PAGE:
Are Seagate and US Bancorp Wasting Your Money?
Stock buybacks are generally considered a bullish signal on Wall Street. They return capital to shareholders, while declaring management's belief that its own cheap shares are its best return on investment. As long as profits remain consistent, share repurchases can even increase earnings per share, by dividing the same amount of earnings among a smaller pool of shares outstanding.
Today, we find two more companies that announced new or expanded stock buyback programs, and we'll consult with Motley Fool CAPS to see which of those firms the 180,000-strong investor community favors most. If CAPS' top investors endorse the prospects of companies announcing buybacks, maybe Fools should take notice.
But don't forget -- a company isn't obligated to repurchase shares just because it announced its intention to do so. So don't use a buyback announcement as a reason to buy by itself, rather use it as a launching pad for additional research.
More, more, more!
It was just three months ago that Seagate Technology (NYS: STX) said it was authorizing a $1 billion buyback program, so its latest release announcing another $2.5 billion repurchase plan more than triples its war chest to snap up shares. Management says the decision reflects the company's ability to generate cash, invest in the company, and return value to shareholders. So far it has done well on all fronts, particularly the latter, as shares have risen nearly 250% from their low point late last year and have already almost doubled in 2012.
Unlike rival drive makers Western Digital (NYS: WDC) and Toshiba, Seagate's factories were largely unaffected by the floods that inundated Thailand last year and disrupted the hard drive supply chain. Although effects are still being felt throughout the semiconductor industry -- Intel's earnings reflected the impact of the flood-induced shortage -- the floods are largely a rearview-mirror event and it will come down to operational advantages that set Seagate apart.
Seagate and Western Digital own 90% of the drive market, with Toshiba allotted the rest. Incredibly, though, both leaders are screaming values. When the market dropped their stocks the other day in response to Western Digital's earnings numbers -- it was a blowout quarter, but investors feared pricing (and profits) would soften going forward -- I'd say that was a buying opportunity. I'd also say that window remains wide open.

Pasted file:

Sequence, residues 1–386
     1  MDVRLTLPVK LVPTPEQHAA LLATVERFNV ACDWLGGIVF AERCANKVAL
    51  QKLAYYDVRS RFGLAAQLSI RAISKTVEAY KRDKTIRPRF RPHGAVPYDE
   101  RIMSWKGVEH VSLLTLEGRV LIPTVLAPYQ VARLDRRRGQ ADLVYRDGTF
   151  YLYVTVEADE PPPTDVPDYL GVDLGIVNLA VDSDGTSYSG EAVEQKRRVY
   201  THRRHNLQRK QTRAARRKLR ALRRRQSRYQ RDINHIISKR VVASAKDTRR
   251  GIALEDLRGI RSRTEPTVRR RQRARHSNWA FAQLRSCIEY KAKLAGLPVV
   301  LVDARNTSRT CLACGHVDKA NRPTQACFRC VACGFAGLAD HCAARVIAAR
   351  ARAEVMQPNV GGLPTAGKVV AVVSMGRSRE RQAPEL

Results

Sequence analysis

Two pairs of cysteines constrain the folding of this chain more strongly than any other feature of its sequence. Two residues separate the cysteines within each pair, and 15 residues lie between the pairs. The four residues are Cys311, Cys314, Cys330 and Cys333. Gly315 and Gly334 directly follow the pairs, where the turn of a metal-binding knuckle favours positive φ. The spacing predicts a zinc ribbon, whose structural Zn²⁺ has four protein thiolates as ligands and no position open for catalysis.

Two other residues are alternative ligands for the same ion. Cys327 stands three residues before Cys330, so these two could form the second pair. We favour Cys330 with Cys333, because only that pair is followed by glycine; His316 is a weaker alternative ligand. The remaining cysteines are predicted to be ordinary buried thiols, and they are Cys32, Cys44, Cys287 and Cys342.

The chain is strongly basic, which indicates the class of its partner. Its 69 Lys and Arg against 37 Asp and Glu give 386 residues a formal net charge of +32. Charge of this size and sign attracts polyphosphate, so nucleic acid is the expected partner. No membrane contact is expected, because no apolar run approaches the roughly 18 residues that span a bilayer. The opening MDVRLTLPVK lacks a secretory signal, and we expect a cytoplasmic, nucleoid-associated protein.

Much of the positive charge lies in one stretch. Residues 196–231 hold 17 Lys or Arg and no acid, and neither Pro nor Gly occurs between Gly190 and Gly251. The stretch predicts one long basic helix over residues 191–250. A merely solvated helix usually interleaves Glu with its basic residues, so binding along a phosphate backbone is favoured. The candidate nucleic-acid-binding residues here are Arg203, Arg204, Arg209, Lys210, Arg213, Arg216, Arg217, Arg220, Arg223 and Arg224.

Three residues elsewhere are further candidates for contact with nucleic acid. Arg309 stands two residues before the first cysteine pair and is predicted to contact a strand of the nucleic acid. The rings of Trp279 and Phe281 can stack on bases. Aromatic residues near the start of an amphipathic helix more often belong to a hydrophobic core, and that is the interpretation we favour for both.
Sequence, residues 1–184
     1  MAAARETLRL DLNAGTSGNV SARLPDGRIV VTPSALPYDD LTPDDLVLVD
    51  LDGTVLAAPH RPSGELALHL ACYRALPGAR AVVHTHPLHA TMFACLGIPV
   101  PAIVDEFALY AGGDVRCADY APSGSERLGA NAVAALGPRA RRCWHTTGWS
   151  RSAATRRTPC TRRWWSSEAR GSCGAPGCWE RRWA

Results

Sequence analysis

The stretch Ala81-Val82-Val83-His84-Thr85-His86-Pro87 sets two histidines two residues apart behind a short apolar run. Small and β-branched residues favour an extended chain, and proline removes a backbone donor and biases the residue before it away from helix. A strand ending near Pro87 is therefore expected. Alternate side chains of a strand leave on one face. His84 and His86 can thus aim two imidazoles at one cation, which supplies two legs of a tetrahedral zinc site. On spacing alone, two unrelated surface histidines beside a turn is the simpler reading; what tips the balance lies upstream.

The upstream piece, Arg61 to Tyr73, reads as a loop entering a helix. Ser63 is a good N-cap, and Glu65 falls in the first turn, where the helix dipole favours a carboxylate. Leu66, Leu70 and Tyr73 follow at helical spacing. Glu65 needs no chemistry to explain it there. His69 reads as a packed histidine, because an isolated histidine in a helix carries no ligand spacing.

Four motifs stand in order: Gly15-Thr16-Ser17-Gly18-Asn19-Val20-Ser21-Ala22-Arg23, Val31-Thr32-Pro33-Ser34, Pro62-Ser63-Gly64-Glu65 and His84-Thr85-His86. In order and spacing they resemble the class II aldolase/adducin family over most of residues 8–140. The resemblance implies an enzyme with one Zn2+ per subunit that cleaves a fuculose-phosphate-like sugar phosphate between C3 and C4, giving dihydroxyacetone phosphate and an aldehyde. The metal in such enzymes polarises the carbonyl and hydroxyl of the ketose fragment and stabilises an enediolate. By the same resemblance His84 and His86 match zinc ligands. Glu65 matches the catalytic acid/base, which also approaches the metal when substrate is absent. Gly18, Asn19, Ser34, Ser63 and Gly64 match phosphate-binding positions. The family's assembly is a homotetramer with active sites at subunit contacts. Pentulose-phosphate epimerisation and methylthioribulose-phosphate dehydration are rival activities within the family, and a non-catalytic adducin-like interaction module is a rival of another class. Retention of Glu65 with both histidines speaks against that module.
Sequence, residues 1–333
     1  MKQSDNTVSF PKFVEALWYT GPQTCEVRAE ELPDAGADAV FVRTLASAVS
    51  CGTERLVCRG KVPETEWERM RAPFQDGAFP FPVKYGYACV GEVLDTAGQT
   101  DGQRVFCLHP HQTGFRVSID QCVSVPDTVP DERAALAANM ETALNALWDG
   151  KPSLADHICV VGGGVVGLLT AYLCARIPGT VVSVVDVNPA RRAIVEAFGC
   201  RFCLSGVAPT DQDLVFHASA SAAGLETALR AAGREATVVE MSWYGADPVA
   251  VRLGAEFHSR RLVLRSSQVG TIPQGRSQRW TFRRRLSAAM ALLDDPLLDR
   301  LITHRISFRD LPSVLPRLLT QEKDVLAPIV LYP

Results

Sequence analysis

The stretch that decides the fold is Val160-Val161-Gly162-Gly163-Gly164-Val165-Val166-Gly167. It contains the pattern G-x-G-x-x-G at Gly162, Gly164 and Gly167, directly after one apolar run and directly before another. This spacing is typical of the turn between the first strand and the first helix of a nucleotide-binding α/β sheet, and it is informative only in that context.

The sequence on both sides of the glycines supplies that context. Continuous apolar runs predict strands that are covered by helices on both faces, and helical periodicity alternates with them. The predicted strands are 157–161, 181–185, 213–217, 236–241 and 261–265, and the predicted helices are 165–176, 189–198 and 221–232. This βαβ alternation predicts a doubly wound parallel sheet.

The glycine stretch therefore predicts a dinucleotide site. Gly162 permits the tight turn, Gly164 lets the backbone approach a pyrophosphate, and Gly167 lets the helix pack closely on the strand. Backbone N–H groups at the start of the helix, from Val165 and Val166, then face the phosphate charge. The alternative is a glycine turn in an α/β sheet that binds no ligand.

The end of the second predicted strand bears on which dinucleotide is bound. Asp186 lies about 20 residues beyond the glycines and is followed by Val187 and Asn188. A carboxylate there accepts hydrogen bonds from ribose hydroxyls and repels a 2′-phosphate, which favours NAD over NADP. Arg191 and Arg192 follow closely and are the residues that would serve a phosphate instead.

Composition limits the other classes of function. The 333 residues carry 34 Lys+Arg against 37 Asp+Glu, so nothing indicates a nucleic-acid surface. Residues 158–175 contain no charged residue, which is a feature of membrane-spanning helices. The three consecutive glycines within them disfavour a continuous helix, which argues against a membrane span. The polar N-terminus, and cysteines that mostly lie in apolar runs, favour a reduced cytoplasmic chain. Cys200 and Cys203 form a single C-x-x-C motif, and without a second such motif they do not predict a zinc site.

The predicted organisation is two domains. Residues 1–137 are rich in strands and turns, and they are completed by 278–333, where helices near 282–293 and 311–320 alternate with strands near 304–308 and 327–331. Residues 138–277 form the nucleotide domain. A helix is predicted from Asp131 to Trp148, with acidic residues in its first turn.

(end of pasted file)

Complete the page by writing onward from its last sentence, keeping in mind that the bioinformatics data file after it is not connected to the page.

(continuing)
Analysts are unanimous in their belief that Seagate will continue beating the indexes, as are 92% of the 1,200 CAPS members who've weighed in on the storage specialist. I've rated it to outperform as well. Add Seagate to your Watchlist and let me know in the comments section below or on the Seagate Technology CAPS page if this latest buyback announcement indicates management also thinks its stock is cheap.
Reduce, reuse, recycle
In wondering what Warren Buffett sees in US Bancorp (NYS: USB) , Motley Fool blogger Meena Krishnamsetty lays out the case for its strong financial position, solid capital base, and a significantly growing following among the financial elite as 38 hedge funds owned shares at the end of last year:
The company has prudent underwriting practices and a strong balance sheet. Its Basel II Tier 1 common equity ratio is 8.4%, exceeding the proposed 7% minimum. The strong capital position provides US Bancorp with the flexibility of buying back shares as well as capturing other opportunities.
Yet like Buffett, Meena still favors conservatively run rival Wells Fargo (NYS: WFC) over USB based on valuation, though both are likely to prosper. Though when it comes to share buybacks, she notes USB has a rich history of repurchasing its stock, having bought 22 million shares last year and scooping up another 16 million in the first quarter of 2012.
The current authorization it announced is for 100 million shares, so it should last for a while, but it's worth noting that USB isn't retiring the shares it's repurchasing, but holding them instead in treasury so that it can issue them again for corporate purposes. To me that's a less favorable use of buybacks since it allows a company to continue diluting its shares over and over again. Wash. Rinse. Repeat. In US Bancorp's case, that would be at higher and higher stock prices. Shares are up 20% this year and with analysts expecting earnings to grow 15% this year, we're likely to see them expand in value further.
CAPS member FoolishMikee points out a paradox that during the recession, when its share price was slashed, US Bancorp didn't buy back any shares. But he agrees with Meena that the bank is otherwise a rock-solid investment. "It sticks to its business model of four main segments, deals for its clients and does not engage in any exotic securities that take longer than fifteen minutes to explain."
What's your view on companies buying back shares only to reissue them? Are they wasting shareholder capital, or is it a smart way to structure the business? Tell me in the comments section below then add USB to the Fool's free portfolio tracker to see if it makes good on its promises.
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At the time this article was published Fool contributorRich Dupreyowns shares of Intel, but he holds no other position in any company mentioned.Click hereto see his holdings and a short bio. The Motley Fool owns shares of Western Digital and Intel. The Fool owns shares of and has created a covered strangle position in Wells Fargo.Motley Fool newsletter serviceshave recommended buying shares of Wells Fargo and Intel. The Motley Fool has adisclosure policy. We Fools may not all hold the same opinions, but we all believe thatconsidering a diverse range of insightsmakes us better investors. Try any of our Foolish newsletter servicesfree for 30 days.
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